in: Routledge studies in Middle Eastern politics, Volume 86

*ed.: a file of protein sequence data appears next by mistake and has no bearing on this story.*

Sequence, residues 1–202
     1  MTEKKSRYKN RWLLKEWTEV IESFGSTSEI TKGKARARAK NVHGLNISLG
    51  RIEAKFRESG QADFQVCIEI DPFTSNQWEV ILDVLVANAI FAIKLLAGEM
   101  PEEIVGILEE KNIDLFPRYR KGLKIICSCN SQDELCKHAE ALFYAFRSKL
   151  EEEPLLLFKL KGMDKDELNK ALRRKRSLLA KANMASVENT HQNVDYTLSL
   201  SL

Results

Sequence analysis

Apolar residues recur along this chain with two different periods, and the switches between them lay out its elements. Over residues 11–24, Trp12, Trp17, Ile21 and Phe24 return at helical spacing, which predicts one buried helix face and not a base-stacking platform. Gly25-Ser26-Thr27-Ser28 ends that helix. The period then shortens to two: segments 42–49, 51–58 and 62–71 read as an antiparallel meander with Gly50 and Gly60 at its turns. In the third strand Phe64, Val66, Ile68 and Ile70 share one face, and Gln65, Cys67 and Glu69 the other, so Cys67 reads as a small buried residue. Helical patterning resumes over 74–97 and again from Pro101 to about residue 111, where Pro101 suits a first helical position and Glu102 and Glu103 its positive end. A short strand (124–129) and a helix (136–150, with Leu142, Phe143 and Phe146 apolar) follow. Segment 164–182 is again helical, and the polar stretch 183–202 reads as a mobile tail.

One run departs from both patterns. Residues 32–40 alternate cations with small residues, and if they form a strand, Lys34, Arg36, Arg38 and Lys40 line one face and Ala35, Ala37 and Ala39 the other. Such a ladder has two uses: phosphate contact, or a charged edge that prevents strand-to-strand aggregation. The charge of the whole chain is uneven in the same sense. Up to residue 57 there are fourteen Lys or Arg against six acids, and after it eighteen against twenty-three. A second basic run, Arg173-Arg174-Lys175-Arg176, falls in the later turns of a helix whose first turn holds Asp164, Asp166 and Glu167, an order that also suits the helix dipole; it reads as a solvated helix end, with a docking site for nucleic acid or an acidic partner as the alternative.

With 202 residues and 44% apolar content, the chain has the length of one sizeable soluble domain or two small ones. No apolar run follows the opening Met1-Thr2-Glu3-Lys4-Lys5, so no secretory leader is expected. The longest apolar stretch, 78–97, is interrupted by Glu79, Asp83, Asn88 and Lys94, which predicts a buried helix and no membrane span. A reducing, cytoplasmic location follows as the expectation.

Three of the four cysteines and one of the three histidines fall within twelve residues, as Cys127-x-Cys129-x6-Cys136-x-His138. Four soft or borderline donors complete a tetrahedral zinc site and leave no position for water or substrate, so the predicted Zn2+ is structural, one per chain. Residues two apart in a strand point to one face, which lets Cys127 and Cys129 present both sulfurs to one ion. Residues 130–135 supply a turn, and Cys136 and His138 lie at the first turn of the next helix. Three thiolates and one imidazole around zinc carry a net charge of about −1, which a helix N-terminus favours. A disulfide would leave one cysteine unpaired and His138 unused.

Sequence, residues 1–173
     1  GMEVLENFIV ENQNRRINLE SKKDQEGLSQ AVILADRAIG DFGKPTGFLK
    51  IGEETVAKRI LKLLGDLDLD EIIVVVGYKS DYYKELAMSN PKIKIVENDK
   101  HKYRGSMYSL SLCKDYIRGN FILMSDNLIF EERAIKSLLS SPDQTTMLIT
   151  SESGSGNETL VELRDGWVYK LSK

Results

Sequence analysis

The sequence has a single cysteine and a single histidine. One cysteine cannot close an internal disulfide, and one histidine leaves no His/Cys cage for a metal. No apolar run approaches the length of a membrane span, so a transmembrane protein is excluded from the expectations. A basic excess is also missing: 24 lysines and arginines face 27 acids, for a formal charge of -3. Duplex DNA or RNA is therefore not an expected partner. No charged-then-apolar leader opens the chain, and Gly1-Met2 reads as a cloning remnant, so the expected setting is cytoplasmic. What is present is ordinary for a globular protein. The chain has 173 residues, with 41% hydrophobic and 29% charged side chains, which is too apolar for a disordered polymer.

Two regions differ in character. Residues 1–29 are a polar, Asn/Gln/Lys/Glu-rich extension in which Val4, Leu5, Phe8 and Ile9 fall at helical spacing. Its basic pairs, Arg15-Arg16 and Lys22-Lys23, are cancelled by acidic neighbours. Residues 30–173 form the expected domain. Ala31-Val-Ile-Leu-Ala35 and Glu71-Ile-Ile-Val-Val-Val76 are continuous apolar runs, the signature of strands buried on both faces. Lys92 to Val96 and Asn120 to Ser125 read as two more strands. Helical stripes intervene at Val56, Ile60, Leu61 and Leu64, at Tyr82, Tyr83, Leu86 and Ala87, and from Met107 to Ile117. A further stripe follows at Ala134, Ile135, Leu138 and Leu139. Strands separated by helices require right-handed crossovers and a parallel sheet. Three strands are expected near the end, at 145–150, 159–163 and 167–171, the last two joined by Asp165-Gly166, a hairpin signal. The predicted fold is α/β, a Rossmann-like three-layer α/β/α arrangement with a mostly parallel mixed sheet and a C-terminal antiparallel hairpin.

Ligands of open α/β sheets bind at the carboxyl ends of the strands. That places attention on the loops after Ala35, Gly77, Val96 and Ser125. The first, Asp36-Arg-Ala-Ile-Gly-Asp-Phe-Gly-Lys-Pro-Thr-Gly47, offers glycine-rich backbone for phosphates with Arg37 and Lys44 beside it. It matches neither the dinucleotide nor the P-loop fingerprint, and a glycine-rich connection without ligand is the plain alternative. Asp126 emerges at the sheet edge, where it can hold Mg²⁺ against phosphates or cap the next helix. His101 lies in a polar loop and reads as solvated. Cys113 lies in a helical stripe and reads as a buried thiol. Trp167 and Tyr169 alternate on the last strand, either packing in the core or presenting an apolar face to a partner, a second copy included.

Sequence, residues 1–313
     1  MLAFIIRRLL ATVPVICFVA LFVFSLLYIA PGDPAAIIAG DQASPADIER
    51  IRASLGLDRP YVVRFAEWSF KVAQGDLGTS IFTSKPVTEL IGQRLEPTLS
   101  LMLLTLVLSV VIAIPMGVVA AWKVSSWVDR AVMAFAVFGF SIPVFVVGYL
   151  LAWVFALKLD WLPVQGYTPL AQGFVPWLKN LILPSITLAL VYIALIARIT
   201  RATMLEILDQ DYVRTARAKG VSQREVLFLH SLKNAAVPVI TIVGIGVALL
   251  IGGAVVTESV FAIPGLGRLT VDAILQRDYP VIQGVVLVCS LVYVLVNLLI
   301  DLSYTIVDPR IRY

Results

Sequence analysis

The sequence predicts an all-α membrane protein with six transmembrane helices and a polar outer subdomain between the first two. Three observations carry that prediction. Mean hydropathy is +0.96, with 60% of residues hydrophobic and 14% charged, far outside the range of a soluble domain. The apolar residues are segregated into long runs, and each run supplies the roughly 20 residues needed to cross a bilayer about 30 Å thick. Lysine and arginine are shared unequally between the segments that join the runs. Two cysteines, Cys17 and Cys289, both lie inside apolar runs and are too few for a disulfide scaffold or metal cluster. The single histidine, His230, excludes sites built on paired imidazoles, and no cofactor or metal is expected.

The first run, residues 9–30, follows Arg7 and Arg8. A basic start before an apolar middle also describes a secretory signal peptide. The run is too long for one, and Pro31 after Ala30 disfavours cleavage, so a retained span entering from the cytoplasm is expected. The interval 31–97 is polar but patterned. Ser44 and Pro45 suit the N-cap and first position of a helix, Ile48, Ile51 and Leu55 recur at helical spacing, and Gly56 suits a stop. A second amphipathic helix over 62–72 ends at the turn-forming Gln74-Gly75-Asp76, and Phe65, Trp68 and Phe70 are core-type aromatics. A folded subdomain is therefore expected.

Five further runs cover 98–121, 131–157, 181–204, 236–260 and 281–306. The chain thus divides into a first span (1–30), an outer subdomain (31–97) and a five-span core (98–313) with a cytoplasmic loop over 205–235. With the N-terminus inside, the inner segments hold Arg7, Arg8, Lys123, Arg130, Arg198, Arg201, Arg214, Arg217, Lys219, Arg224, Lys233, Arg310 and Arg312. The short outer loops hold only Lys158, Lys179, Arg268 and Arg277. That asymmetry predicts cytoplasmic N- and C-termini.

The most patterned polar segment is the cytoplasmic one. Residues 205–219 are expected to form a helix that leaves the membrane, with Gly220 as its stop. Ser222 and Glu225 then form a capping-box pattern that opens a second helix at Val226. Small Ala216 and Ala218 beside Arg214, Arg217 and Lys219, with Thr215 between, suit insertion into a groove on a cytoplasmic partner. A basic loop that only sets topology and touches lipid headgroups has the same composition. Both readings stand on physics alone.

There is a large and growing literature on Turkish politics in general, and the AKP in particular. However, local government and party organization, although very important topics, are strikingly understudied. The book compares local politics in two Central Anatolian cities, Konya and Eskiðsehir, ruled by different governmental parties, the AKP in Konya and the CHP in Eskiðsehir. The research analyzes how national political parties adapt to local contexts ('culture of everyday politics') and how they seek to influence local culture ('politics of everyday culture'). By examining how municipal politics is practiced on a daily basis, it illuminates more fundamental aspects of Turkish politics such as political mobilization, establishing links between voters and politicians, various practices of decision-making and the role of civil society. All of these have been critical for the AKP's continuous electoral success since 2002. The findings are based on over 1.5 years of fieldwork in the two cities, as well as over 50 interviews with national and local political actors. The main fields of research are mayoral biographies, municipal practices, particularly with regard to welfare and service provision, the cooperation with other municipal actors as political parties or civil society organizations; urban planning activities and cultural policy. The study helps to comprehend more fundamental aspects of Turkish politics such as political mobilization, the establishing of links between voters, municipalities and parties as well as decision-making processes.